Commentary Type

Invited Commentary


Brian Key, Why fish do not feel pain


Starting with its title, Key’s (2016) target article advocates the view that fish do not feel pain. The author describes the neuroanatomical, physiological and behavioural conditions involved in the experience of pain in humans and rodents and confidently applies analogical arguments as though they were established facts in support of the negative conclusion about the inability of fish to feel pain. The logical reasoning, unfortunately, becomes somewhat incoherent, with the arbitrary application of the designated human criteria for an analogical argument to one animal species (e.g., rodents) but not another (fish). Research findings are reported selectively, and questionable interpretations are invoked to support the author’s position. In this commentary, I briefly examine two of the analogies presented in Key’s target article and highlight the role (and consequences) that personal opinions and preconceptions have in issues concerning human ethical responsibilities toward the welfare of non-human species.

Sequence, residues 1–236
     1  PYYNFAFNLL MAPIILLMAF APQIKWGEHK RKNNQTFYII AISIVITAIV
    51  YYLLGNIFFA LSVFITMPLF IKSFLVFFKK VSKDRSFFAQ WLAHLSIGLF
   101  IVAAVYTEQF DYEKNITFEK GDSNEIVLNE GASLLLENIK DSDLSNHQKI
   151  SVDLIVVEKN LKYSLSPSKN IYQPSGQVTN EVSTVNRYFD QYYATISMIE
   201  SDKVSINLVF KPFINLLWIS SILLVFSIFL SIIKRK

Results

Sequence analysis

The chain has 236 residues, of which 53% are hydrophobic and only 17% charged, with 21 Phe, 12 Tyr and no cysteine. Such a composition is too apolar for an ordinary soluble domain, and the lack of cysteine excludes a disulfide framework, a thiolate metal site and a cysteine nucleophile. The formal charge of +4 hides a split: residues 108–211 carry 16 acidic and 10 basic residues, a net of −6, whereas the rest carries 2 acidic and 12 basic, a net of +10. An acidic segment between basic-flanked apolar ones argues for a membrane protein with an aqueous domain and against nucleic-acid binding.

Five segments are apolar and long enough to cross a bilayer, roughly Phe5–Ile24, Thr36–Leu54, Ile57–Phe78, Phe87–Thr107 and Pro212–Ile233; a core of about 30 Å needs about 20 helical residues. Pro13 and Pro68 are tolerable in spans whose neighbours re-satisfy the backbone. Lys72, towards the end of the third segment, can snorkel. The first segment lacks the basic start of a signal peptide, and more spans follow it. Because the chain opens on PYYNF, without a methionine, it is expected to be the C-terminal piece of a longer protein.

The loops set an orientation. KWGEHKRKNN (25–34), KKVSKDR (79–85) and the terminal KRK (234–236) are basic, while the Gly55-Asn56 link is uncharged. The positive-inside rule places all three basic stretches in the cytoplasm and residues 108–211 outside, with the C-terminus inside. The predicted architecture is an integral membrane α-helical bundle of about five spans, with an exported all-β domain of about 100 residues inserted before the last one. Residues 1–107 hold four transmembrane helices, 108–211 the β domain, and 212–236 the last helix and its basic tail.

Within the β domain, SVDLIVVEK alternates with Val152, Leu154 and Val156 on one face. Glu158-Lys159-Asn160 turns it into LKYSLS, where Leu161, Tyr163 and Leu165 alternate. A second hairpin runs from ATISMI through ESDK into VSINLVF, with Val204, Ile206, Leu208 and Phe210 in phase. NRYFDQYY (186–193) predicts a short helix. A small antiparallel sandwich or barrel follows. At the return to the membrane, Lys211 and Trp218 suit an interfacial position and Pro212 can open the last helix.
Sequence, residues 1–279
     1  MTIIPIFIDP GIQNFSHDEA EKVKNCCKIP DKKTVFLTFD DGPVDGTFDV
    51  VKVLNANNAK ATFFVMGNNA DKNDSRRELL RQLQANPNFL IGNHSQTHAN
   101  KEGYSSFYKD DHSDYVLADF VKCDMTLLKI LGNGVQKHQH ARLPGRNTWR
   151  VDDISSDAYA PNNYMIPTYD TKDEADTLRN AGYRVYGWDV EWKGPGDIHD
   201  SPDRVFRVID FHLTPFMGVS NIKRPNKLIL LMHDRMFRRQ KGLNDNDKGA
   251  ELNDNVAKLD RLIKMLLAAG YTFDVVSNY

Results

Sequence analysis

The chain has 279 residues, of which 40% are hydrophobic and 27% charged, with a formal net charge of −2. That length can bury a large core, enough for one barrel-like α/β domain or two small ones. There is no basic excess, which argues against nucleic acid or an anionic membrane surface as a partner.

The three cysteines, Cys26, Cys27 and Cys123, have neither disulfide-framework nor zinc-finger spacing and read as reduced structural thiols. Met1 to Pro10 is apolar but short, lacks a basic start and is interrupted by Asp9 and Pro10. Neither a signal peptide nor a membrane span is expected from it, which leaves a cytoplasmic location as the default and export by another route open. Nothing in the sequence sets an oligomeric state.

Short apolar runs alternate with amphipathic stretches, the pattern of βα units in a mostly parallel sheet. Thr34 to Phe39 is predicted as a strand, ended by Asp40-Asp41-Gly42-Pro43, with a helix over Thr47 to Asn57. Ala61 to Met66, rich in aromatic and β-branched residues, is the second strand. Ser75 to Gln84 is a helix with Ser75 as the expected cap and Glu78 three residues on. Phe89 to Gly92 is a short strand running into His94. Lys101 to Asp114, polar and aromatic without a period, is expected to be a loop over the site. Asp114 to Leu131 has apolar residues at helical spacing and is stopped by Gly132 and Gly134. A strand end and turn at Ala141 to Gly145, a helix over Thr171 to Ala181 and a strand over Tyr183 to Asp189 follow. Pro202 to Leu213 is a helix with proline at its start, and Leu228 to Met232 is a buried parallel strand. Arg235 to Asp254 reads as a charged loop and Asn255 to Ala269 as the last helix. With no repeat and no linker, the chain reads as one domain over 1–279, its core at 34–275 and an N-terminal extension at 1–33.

Author Biography

Monica Gagliano monica.gagliano@uwa.edu.au is Research Associate Professor of Evolutionary Ecology and Research Fellow of the Australian Research Council at the University of Western Australia. She has written many articles on animal and plant behavioural and evolutionary ecology. She pioneered the new research field of plant bioacoustics and recently extended the concept of cognition to plants, reigniting the discourse on plant subjectivity and ethical standing. http://www.uwa.edu.au/people/monica.gagliano